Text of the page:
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  • Writer's pictureSinead Mackintosh

Cilantro / Coriander

If you are like me and have people in your life that create a fuss about cilantro/coriander (they know who they are). You might also wonder what the big deal is against the tasty green herb. People with the aversion may say it tastes soapy, bitter or (my favourite) like stinkbugs.

In our bodies, we have little receptors on our cells that bind to different chemicals and proteins in our body. The binding starts a reaction that allows us to perceive things like taste and smell, among others. And these receptors are made from different genes.

The OR6A2 gene is a gene that makes a receptor which is specifically sensitive to a group of chemicals that give cilantro its distinctive smell.

People with a particular genetic change in their OR6A2 gene are more likely to perceive cilantro as having a soapy or metallic taste or smell. This is thought to be because the slightly different receptor is more sensitive to the specific chemicals present in cilantro, which can give it a different flavour than what people who don't have that same receptor experience.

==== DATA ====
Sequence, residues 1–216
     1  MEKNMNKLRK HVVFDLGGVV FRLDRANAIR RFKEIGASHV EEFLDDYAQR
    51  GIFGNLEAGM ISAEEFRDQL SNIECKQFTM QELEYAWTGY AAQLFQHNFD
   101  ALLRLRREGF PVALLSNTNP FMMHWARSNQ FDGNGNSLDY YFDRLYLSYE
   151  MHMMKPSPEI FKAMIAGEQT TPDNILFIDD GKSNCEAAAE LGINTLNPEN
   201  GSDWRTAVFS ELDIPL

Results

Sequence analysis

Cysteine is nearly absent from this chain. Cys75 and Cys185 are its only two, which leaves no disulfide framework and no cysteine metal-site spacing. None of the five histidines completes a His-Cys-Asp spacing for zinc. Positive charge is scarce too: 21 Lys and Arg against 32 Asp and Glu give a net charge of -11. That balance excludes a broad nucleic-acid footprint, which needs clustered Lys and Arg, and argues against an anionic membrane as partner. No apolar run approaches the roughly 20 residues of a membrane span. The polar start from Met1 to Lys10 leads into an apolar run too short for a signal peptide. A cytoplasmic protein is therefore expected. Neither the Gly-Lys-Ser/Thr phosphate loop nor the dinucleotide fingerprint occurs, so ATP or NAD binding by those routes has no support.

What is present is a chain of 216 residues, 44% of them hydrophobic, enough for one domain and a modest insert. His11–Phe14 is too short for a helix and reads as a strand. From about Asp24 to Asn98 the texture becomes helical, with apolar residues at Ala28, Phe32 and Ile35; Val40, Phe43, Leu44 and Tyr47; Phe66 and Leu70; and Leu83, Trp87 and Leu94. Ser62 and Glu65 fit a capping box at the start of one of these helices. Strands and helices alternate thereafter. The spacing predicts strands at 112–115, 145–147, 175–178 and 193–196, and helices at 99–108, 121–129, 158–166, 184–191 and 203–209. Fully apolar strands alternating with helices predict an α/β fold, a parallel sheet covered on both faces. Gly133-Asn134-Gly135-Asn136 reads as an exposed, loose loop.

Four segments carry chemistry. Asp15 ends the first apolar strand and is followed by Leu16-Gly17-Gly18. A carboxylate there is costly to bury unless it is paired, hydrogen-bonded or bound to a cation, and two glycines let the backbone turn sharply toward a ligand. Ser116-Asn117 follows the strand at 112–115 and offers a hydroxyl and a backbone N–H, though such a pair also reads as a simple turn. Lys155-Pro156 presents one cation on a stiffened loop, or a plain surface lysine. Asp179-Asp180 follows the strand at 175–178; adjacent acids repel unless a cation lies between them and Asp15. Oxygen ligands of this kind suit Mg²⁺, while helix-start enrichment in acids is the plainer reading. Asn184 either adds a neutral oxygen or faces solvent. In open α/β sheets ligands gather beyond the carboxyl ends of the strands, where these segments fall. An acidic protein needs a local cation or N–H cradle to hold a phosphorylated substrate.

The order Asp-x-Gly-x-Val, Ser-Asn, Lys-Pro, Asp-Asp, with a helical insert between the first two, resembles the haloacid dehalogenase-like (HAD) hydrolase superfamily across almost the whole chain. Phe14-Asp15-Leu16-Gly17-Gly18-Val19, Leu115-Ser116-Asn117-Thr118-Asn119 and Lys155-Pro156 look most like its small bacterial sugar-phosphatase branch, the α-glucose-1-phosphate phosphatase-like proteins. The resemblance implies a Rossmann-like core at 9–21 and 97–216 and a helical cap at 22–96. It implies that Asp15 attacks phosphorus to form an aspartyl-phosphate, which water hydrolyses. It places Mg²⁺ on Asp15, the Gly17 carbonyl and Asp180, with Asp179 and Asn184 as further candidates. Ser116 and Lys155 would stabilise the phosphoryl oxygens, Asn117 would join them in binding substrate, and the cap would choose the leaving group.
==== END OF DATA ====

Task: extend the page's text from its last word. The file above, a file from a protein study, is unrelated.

However, it's worth noting that not everyone who dislikes cilantro has this genetic variation, and conversely, not everyone with the variation dislikes cilantro. Cultural background and personal experiences with the herb can also affect a person's perception of its taste and smell.

So, it is not always a genetic reason that some people do not like cilantro. But this is an excellent example of how humans have remarkable genetic diversity that can impact aspects of our lives, such as experiencing a curry with cilantro!

Do you like cilantro?

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